If you’re confused whether coconut oil is good or bad for you or whether alcohol will lengthen or shorten your life, you’re not alone. With so many nutrition studies receiving coverage in the news, it’s often difficult to discern truth from hyperbole.
A great article published today in the Washington Post discusses how we shouldn’t make generalizations based on the results from many nutrition science studies. The author explained it nicely when she said:
“The coffee studies in the news last week were what scientists know as observational studies. In these studies, researchers followed coffee drinkers and non-coffee drinkers and monitored when and how they died. The problem is, when you go about searching for differences between any two groups, you’re going to find them. ‘That doesn’t prove that coffee is providing the benefit,’ said David Ludwig, professor of nutrition at Harvard School of Public Health. For example, people who drink coffee regularly might have higher incomes, drink fewer sugary beverages, or lead more active lifestyles. Observational studies like these are useful for identifying interesting trends, but they do not demonstrate cause and effect.”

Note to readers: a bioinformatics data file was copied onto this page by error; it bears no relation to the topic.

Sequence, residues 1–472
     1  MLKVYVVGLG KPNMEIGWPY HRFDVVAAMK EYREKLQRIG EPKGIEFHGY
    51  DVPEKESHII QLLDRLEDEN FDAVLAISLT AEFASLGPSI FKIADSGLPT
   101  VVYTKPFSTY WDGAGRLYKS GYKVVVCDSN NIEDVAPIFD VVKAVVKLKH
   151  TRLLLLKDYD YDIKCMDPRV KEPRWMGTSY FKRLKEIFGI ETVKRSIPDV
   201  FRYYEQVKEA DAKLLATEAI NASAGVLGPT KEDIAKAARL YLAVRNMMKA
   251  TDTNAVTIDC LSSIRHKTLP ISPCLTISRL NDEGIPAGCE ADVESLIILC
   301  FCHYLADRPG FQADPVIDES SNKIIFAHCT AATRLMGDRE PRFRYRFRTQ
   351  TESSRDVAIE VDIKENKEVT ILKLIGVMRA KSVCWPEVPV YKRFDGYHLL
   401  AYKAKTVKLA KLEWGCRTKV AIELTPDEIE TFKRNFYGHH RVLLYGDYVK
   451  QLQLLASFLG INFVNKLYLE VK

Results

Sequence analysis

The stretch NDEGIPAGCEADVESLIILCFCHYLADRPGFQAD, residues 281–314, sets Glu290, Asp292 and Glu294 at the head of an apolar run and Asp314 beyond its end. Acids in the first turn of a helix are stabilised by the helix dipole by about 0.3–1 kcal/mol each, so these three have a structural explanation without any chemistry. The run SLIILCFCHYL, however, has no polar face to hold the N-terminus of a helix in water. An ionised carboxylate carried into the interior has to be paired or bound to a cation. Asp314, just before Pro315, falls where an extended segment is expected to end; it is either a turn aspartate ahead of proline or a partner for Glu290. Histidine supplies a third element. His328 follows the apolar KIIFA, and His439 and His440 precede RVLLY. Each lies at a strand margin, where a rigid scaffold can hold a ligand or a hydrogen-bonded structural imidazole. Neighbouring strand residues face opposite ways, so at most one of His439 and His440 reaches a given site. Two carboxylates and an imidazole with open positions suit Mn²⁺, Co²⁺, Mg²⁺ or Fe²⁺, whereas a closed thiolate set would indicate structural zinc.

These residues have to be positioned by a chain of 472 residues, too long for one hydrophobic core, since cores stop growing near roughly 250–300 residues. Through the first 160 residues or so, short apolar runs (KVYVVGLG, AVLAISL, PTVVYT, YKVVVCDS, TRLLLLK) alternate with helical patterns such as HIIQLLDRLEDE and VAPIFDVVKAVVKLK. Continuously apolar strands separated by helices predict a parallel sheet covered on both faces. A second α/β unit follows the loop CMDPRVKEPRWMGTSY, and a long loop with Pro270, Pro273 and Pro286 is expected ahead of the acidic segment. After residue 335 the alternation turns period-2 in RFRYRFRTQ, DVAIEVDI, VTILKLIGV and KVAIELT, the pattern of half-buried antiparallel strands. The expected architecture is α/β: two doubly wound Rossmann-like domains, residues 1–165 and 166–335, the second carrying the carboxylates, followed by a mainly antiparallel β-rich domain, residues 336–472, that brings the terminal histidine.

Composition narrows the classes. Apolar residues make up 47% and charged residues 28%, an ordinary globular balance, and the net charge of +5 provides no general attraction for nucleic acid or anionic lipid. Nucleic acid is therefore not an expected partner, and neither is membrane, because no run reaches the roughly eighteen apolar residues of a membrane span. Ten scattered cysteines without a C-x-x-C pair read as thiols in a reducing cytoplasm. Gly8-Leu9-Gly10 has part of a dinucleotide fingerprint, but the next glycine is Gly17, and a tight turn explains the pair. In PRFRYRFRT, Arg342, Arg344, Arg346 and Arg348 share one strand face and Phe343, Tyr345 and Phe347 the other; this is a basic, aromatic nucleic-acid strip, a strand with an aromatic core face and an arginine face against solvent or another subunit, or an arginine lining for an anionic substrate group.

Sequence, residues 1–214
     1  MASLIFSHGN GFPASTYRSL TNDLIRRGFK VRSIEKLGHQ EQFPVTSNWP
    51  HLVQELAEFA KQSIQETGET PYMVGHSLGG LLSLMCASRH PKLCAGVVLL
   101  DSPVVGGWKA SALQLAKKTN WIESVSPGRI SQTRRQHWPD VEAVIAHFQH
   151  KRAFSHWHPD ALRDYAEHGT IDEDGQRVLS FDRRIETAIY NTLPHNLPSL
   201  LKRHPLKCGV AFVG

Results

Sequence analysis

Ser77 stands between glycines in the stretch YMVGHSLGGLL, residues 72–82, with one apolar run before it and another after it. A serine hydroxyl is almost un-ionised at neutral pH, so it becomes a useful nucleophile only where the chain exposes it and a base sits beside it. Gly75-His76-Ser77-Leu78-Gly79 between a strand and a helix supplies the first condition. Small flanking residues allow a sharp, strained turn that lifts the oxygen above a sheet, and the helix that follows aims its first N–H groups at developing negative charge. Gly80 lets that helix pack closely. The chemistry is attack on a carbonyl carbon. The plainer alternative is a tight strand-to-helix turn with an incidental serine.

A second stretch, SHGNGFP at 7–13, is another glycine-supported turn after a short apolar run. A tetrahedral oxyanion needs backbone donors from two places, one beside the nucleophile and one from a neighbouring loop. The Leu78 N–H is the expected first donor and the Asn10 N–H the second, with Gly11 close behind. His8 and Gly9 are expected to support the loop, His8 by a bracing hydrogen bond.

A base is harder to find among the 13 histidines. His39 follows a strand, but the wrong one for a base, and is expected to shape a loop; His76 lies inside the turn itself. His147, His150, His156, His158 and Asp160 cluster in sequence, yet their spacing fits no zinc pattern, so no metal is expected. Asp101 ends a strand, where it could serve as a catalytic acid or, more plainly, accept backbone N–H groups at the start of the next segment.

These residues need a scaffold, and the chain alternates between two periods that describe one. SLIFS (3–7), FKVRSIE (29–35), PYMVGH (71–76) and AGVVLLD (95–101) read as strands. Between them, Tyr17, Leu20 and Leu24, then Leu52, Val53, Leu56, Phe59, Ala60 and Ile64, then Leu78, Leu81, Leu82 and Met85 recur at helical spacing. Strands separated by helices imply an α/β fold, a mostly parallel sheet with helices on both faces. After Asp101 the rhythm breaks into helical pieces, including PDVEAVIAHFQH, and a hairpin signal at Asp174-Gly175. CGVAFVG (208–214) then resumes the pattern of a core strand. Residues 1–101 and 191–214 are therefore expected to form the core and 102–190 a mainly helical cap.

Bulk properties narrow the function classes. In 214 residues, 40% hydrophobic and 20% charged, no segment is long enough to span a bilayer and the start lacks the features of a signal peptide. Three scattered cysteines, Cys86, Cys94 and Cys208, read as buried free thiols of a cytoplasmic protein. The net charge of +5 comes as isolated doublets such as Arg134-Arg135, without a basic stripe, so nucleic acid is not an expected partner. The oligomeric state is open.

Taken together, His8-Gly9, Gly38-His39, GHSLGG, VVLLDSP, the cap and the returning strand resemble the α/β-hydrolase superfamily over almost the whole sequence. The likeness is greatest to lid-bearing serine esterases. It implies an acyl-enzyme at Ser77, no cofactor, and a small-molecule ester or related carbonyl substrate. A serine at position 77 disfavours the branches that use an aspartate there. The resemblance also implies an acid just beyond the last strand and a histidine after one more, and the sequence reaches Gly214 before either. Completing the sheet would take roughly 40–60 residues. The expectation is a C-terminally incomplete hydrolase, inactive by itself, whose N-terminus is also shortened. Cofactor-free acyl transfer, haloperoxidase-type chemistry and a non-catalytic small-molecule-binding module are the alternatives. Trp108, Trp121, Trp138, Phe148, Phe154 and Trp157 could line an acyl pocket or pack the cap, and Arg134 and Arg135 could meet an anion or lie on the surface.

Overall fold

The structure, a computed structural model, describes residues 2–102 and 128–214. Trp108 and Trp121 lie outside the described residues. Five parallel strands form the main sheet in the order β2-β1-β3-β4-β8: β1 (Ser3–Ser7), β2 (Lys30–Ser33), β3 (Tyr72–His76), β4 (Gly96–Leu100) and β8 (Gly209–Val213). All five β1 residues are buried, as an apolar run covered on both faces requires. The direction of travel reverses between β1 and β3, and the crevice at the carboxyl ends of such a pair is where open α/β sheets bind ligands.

Nutrition is a particularly difficult topic for the media to cover. One nutrition study on its own likely won’t provide newsworthy, headline-grabbing content. “Truth can only emerge from many different studies with many different methods,” said Ludwig.
So how can you determine whether or not to believe a news story? Among other suggestions, the author warns to be wary of claims that cutting any given food from our diets will cure us. They sound too good to be true because they are.
To learn how to become a better interpreter of nutrition science in the news, read the full article from the Washington Post here.